Legislative paint package would exacerbate Public Nuisance ruling, impose incredible liability and set concerning precedent

By CMTA Staff

Capitol Update, April 20, 2018 Share this on FacebookTweet thisEmail this to a friend

by Dawn Koepke and Jarrell Cook

On the heels of a ruling by the courts last fall that interior lead-based paint is a public nuisance, an initiative was filed – the Safe Homes and School Act – to, among other provisions, override the public nuisance designation for lead-based paint in California. Of note, deeming lead-based paint a public nuisance has a host of incredibly problematic implications. Specifically, it means that every California homeowner who owns a home with interior lead based-paint could be subject to criminal liability, eminent domain, foreclosure, special taxes to resolve the nuisance, orders to vacate or demolish, loss of tax deductions, and mandatory disclosure on real estate transactions. Further, as public nuisances, their homes will be entered into a public database deeming it a public nuisance whether or not the paint has been properly maintained in line with current public health regulations. Ultimately, the public nuisance ruling undermines state laws which have been thoughtfully studied and reviewed, and already regulate lead-based paint in homes.

In response to the filing of the initiative, a group of legislators introduced a package of bills in March to fight the proposed November initiative based on concerns that the measure would alleviate the liability on the three paint companies found responsible. The measures include:

  • AB 2073 (Chiu) – would provide liability protection for homeowners who have lead-based paint in their homes and participate in the court-ordered abatement program
  • AB 2074 (Bonta) – would impose full, retroactive liability onto companies who manufactured, sold, distributed or promoted lead based paint, even if there is no proof those companies caused any harm or injury; further, in addition to product manufacturers, sellers and distributors, the bill would open up liability to those that “promote” a product including a host of other potentially culpable parties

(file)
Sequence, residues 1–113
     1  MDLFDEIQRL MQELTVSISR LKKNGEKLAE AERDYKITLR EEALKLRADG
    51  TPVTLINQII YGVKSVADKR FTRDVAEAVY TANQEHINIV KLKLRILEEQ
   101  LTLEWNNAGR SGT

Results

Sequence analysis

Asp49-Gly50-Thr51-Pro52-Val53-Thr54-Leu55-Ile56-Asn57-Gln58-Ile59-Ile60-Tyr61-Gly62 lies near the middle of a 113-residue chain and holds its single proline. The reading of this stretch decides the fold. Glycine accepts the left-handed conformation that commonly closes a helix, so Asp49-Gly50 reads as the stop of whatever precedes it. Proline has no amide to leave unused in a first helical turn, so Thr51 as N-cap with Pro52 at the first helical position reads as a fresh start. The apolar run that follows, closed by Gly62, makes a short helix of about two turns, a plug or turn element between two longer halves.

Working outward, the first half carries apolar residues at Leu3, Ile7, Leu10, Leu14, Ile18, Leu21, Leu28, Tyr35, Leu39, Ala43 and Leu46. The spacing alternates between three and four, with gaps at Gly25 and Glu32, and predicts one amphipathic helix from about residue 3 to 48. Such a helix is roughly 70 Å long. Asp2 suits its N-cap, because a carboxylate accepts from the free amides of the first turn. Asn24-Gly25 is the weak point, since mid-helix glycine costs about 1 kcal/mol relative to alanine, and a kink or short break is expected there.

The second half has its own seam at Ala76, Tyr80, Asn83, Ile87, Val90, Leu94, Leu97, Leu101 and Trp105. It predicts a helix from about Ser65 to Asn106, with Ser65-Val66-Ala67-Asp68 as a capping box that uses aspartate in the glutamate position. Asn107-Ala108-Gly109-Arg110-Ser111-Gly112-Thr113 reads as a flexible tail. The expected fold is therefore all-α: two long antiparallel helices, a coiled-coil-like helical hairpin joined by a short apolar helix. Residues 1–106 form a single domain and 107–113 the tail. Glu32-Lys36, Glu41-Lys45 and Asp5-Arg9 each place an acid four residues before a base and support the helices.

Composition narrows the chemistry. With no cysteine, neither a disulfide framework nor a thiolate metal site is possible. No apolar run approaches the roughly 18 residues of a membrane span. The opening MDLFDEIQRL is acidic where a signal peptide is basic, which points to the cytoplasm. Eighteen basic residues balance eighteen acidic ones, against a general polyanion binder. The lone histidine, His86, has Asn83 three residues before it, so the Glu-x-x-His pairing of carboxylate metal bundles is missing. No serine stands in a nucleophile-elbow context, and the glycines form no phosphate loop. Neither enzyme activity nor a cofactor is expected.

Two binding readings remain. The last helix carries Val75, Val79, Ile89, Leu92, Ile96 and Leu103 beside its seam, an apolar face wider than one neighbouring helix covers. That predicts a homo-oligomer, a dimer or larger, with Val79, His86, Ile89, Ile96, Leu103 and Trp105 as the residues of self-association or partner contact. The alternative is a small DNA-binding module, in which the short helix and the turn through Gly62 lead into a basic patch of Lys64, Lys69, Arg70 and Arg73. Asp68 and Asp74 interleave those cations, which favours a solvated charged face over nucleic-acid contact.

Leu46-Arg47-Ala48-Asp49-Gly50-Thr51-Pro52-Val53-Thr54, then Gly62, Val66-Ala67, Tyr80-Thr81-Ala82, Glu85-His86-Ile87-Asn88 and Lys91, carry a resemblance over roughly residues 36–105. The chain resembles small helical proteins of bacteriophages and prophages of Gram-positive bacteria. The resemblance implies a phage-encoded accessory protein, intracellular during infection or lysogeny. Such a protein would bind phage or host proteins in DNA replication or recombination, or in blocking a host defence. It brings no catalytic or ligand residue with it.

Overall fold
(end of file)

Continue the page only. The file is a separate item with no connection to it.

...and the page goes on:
• AB 2803 (Limón) – would add additional legal protections for homeowners while compounding the public nuisance designation by also deeming the homes hazardous waste sites
  • AB 2934 (Stone) – would increase the number of lead-based paint inspectors
  • AB 2995 (Carrillo) – would define the mere presence of lead-based paint on a property as an “injury,” automatically defining every home in California with a mere drop of lead-based paint as an injured property, regardless of whether actual risks exist
  • AB 3009 (Quirk) – would add a new fee on manufacturers for all paint sold in California to fund cleanup and abatement of lead-based paint

Notably, while the legislative package would ensure liability for the manufacturers and others in the market chain associated with the product, it does nothing to address the overarching public nuisance designation the court ruling instituted. Rather the proposals retain the challenges homeowners will face relative to the public nuisance designation and associated implications including increased financial liabilities, decreased property values, forced public disclosures and the choice of submitting to government inspections or being placed on a public database for refusing an inspection.

CMTA is helping to lead opposition to AB 2074, AB 2803 and AB 2995 over serious concerns and implications not only relative to the incredible liability these bills would impose, but for the precedent they would set for virtually any other products in the market that are or have been at some point deemed a public health or environmental concern.

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